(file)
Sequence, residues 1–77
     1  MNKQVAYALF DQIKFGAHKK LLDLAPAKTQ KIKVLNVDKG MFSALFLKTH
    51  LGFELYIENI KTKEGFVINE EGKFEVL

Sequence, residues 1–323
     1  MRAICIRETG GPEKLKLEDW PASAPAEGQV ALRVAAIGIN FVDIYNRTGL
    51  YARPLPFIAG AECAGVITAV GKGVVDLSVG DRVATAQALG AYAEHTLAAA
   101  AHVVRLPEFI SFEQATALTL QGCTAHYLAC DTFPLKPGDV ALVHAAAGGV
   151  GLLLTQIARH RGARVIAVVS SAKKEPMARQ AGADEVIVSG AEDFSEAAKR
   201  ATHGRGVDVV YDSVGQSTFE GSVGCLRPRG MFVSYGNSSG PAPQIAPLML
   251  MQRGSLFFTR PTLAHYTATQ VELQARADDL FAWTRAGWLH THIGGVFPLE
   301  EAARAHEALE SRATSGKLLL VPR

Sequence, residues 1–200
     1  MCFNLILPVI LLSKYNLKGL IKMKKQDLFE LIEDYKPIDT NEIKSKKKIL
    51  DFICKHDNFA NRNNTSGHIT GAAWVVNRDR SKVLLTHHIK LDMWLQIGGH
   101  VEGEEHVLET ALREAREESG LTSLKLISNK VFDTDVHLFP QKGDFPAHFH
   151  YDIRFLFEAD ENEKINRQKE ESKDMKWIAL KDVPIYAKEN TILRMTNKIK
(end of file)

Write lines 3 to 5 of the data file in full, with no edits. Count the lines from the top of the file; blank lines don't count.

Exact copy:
    51  LGFELYIENI KTKEGFVINE EGKFEVL

Sequence, residues 1–323
     1  MRAICIRETG GPEKLKLEDW PASAPAEGQV ALRVAAIGIN FVDIYNRTGL